Academic Language and writing

What vocabulary is needed and why it's important

How to ensure your writing fits within the conventions necessary for university along with making an explicit focus upon discipline specific vocabulary.

Generally, academic language and writing is underpinned by three key features: formalised writing style, objective and explicit and impersonal. Whether you are writing an essay, report, audiovisual presentation or case study it's important that you conform to the three aforementioned principles (as opposed to the three examples listed above).

Formalised writing style:

Typical linguistic structures should be precise and not lend themselves to language styles you might use within a conversation. Often, informal language can be interpreted differently which is why it's important to use formal language to ensure that your argument and discussion is specific and clear to the audience. At times, the nature of the English language can make this aspect difficult hence why it's always helpful when someone external reads your writing; if it doesn't make sense to them, it's not clearly written.

Objective and explicit:

A key feature inherent to academic writing in general and necessary for success within the university system is to be able to write clearly, succinctly and with purpose. Your discussion should primarily be objective, factual and supported with literature evidence. At the end of the day, part of academic writing is convincing your audience and your argument needs to be clear, robust and evidence led, these aspects will help to 'convince' your marker and develop and improve your writing.


Typical academic writing and language is written either in the passive voice, the third person or encourage things to be the subject of discussion rather than people. These aspects help to give you strategies to avoid incorporating discussion that is considered to be in the first or second person.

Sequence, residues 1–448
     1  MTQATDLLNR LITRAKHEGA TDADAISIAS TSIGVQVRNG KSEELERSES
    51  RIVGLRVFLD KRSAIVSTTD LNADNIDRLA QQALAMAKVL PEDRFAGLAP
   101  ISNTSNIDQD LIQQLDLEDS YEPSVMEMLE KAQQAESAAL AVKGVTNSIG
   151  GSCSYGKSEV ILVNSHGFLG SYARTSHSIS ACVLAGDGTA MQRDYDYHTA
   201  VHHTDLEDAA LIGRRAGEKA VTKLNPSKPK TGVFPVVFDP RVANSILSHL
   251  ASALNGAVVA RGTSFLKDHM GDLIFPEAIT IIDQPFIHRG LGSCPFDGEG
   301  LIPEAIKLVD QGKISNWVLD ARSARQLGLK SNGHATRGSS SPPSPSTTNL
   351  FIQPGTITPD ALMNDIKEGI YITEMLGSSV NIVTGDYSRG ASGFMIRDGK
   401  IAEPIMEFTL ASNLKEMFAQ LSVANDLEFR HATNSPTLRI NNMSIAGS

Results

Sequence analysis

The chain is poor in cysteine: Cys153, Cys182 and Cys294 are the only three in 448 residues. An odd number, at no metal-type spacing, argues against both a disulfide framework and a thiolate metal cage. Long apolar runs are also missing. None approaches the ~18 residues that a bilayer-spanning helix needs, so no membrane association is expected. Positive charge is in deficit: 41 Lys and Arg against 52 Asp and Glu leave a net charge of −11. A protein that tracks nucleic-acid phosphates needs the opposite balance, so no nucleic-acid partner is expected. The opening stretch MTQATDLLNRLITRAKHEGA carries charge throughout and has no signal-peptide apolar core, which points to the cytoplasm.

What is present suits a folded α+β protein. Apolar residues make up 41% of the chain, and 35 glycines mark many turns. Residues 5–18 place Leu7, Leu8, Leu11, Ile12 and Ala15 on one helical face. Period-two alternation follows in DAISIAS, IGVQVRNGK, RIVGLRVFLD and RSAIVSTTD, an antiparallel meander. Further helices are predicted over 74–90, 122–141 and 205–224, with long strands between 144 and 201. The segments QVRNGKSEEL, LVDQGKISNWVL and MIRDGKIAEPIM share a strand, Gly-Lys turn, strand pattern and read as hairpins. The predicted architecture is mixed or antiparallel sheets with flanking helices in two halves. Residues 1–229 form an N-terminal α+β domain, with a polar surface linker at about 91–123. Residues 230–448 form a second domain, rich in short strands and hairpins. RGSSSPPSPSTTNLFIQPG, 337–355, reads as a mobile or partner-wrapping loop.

Personification is generally avoided, whilst this does vary to some degree depending on faculty and assessment tasks (reflective writing as one example), a general rule of thumb is to avoid personification (I/we etc)

Discipline specific vocabulary:

Academic language specific to the vocabulary of your discipline helps to convey more information and demonstrate further knowledge and understanding. Moreover, often your assessments are designed for your audience to be within the field unless it's otherwise stated. Therefore, it's important to be aware of how people in the discipline talk about these concepts. Whilst it's not possible for me to provide an exhaustive list given the wealth of pertinent language across the disciplines. Instead, I'll share an example from my experience within health sciences.

Health sciences (Nursing/Paramedicine)

Examples from case studies and essays involving a patient where you need to discuss physiology, pathophysiology, interventions or treatment. Often, students will incorporate discussion along the lines 'The patient has a heart rate of 140 and a blood pressure of 80/50 mmHg. Normal heart rate is 60-100 and the normal blood pressure is 120/80 (Insert a reference for this information). And then go on to discuss relevant details for the assessment.

In contrast, 'The patient is tachycardic and hypotensive, displaying haemodynamic instability'. As you can tell, this sentence is short, sharp and punchy and demonstrates depth and understanding.

For teaching students, this example could be altered to reflect pedagogy instead of a cluttered sentence involving teaching methods. If you're outside of these disciplines, consider how the themes embedded throughout this discussion could be incorporated within your discipline. These aspects are important as they allow you to navigate word count, delve into greater depth and breadth of discussion and it declutters your writing making it more succinct and purposeful.

Resources to help: